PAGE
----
By Dr. Peter Kadile

An adequate amount of sleep is extremely important for a person’s overall well- being. Poor sleep or not enough sleep adversely affects a person’s health, physically and mentally. The necessary amount of sleep needed varies from individual to individual, but studies have generally agreed that the average amount of time for quality sleep for an adult is seven to eight hours a night. Again, this can vary depending on age, gender and race. For example, my wife needs at least eight hours of sleep a night in order to function, while I can do well on six hours.

But too much sleep can also be bad for your health. A recent study by the UCLA Semel Institute for Neuroscience found that not sleeping well or insomnia as well as too much sleep (more than 8 hours), was associated with increased levels of inflammation in the body. Inflammation contributes to many health concerns.

Whenever patients see me complaining about difficulty sleeping, I will start off by educating them about proper “sleep hygiene”. Lifestyle modifications are very important when treating insomnia.

• Establish consistent times when to go to bed and get up, maintain the schedule even on weekends
• Try and maintain a nightly, relaxing routine before going to bed
• Create a dark, quiet and cool environment that is conducive for sleep; comfortable mattress, pillow, sheets.
• Avoid watching television, using a computer or reading in bed
• Finish eating at least 2-3 hours before going to bed
• Exercise regularly
• Avoid caffeine, high carbohydrate and alcohol products close to bedtime.

Melatonin is a natural hormone supplement that can assist with sleep. It is not meant to be like a traditional “sleeping pill”. Melatonin is naturally produced in your brain and tells your body that it’s nighttime and time to go to bed and sleep. It works best for frequent travelers, shift workers or anyone that knows they are going to have a major shift in their sleep schedule.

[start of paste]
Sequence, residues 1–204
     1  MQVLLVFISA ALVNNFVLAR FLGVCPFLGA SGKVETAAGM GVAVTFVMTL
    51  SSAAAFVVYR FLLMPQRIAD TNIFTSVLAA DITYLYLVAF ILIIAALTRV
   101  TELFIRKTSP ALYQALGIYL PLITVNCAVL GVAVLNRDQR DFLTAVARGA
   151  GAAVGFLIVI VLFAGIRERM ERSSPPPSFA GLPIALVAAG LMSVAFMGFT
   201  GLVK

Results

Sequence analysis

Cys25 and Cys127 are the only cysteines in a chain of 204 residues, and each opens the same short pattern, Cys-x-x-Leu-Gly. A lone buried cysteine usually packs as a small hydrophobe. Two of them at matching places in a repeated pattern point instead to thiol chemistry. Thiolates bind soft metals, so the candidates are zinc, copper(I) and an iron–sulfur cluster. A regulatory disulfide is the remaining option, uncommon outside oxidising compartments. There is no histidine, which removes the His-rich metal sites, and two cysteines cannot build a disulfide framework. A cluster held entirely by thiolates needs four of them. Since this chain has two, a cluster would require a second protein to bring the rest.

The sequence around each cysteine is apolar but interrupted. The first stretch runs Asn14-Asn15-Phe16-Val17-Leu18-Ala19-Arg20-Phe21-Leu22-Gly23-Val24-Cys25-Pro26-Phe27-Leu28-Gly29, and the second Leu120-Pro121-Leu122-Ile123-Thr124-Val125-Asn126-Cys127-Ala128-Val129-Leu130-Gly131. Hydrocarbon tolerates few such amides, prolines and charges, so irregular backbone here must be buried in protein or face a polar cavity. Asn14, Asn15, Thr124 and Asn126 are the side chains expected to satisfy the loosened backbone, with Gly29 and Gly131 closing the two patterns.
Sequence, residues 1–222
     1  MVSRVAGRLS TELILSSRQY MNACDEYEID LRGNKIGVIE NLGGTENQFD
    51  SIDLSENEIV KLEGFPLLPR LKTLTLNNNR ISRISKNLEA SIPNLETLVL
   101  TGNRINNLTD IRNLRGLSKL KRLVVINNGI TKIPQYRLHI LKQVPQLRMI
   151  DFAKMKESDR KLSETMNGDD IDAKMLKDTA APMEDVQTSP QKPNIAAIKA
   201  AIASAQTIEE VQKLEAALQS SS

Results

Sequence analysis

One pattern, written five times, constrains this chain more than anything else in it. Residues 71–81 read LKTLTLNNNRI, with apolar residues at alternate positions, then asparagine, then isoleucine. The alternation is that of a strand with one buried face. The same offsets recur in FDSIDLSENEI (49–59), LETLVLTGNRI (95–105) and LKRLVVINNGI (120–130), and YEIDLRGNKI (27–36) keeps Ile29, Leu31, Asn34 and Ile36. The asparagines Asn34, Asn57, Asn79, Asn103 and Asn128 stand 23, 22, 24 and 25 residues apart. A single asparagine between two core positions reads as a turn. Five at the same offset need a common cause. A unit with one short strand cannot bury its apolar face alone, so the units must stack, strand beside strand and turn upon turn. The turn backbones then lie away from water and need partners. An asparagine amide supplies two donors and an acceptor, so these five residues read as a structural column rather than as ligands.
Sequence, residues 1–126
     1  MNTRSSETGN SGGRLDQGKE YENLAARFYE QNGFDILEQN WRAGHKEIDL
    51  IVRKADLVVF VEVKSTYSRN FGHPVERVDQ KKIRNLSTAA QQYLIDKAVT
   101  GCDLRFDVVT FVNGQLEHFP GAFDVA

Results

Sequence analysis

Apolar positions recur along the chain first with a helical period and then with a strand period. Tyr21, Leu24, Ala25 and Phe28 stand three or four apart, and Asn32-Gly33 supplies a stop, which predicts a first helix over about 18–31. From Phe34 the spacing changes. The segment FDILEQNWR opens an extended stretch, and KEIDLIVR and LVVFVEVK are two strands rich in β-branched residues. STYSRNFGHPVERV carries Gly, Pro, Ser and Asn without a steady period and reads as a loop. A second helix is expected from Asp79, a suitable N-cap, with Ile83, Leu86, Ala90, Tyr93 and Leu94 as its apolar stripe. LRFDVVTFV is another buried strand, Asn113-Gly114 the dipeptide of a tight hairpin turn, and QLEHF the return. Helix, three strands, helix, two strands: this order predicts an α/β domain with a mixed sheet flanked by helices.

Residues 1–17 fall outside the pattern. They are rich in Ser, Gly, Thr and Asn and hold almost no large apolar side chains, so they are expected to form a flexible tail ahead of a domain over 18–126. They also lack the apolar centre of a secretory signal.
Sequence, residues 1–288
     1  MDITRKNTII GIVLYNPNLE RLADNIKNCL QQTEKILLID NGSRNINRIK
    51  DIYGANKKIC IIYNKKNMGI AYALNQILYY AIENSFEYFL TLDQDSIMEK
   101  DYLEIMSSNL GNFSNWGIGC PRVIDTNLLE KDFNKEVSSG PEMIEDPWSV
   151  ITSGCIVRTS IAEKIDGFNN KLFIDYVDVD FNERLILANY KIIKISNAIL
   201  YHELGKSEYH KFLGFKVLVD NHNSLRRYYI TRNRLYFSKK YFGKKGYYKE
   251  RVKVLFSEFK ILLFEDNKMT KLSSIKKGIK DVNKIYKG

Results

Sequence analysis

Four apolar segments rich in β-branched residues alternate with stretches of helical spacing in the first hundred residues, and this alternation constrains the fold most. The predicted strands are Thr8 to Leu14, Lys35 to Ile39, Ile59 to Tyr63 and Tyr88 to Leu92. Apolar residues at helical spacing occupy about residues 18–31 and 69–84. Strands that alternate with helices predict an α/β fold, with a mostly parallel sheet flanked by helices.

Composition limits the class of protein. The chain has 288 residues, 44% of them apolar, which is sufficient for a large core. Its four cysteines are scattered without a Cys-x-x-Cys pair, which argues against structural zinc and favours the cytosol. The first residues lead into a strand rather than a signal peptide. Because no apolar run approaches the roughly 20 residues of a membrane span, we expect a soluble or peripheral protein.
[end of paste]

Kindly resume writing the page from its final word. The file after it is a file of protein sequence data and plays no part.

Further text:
Unlike sleeping pills, the higher the dosage of melatonin does not necessarily improve one’s sleep. I typically see over the counter dosages of melatonin ranging from 3mg to 10mg. Patients will frequently complain to me that they have taken the maximum available dosage and still have difficulty sleeping. The widely available over the counter doses are way too high. Melatonin should actually be started at the lowest possible dose, I recommend starting at 0.3mg to 1mg. Higher doses of melatonin may actually disrupt sleep and may also cause headaches, nausea, dizziness, or irritability.

“A cocktail before bed”
Contrary to popular belief, it’s not a good idea. While alcohol can cause drowsiness and sleepiness, it actually disrupts quality sleep by interfering with REM (rapid eye movement) sleep. REM sleep is when we dream and is the restorative part of sleep. I would not advise drinking alcohol before going to bed.